Armed conflict and post-conflict situations constitute severe constraints on economic life and present a hostile environment to business and investments. As the primary driver of economic development, the private sector’s ability to prosper is imperative to job creation and investments necessary for human security. The private sector, international and local, has the ability to contribute in at least two rather different ways: by conducting its core business and by actively promoting certain elements of peace-building.
Taking years of practical experience from private sector development in complex environments as point of departure, Sofia Svingby, a private sector development specialist at Stockholm University argue that through conscious engagement and active dialogue promotion business can and does take on an important role for both economic development and peace-building in fragile contexts.
While potentially highly profitable, fragile or complex environments present a multitude of challenges for an international company. According to Sofia Svingby, this risk-opportunity balance must be carefully managed to cater for long-term success. Weak formal institutions, opaque power structures, commercial and political interdependencies and ethnic tension are some examples of particular challenges of the fragile context any business company needs to navigate.
The private sector’s main contribution to developing economies and societies stems from its core activity of its ability to offer products and services meeting local demand, and the related effects on job creation and economic growth. Brian Ganson, Associate Professor at the Business School of Stellenbosch University stated that in their interaction with suppliers, consumers, employees and governments and institutions, companies may transfer know-how, promote peaceful tools of conflict management and good governance through their core business conduct. Herein lie both the inherent challenge and opportunity. According to him a company’s ability to steer towards sustainably successful business models rather than short-sighted and exploitative practices is pivotal.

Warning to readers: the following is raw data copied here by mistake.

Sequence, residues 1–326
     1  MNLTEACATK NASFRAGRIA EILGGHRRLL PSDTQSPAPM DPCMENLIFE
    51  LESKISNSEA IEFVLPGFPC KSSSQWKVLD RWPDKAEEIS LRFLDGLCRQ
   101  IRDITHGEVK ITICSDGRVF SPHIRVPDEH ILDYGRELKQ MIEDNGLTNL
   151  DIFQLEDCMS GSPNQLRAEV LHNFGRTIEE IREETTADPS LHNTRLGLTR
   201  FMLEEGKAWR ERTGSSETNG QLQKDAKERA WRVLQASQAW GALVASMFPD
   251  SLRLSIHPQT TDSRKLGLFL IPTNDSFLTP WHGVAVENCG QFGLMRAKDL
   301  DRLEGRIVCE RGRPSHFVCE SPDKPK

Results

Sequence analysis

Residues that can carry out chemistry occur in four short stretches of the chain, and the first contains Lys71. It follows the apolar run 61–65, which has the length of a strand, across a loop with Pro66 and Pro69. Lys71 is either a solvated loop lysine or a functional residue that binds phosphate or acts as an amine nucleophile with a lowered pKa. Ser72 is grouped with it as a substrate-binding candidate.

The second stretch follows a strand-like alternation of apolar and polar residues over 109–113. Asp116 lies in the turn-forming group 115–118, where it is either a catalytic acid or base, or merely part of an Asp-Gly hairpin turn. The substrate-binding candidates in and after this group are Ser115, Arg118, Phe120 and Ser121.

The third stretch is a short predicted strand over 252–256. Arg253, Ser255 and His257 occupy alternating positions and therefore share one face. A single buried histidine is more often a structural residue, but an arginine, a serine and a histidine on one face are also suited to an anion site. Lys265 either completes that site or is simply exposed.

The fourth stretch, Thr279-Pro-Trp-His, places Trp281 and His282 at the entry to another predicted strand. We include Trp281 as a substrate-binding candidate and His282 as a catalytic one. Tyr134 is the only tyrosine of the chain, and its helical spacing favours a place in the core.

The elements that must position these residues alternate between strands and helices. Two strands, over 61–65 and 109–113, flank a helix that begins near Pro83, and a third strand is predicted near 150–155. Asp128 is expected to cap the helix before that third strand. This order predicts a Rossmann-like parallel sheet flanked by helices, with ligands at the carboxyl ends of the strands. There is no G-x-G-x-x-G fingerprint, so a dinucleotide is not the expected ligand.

Brian Ganson, however, argued that in order to be successful, companies can not go about doing ‘business as usual’. In complex or fragile environments, operations and products need to contribute to a virtuous rather than vicious circle of economic and societal development. If implementing conflict sensitive approaches in strategies and operations, companies can facilitate economic development while also contributing to establishing essential conditions for peace-building.
Brian Ganson further noted that a context-sensitive governance model, including means of ensuring local compliance with the corporate code of conduct, is required, but key to implementing such approaches is leadership. Leaders’ ability to navigate complex environments which is harvesting opportunity and managing risk determines if a business can successfully provide benefit to stakeholders, employees and society. In order to do this, leaders need to incorporate an attitude of attentiveness to any aspects in the local context that may influence the company’s operations. According to Sofia Svingby, the key attribute of such an attitude is inquisitiveness, continuously striving to understand the environment in which the company operates.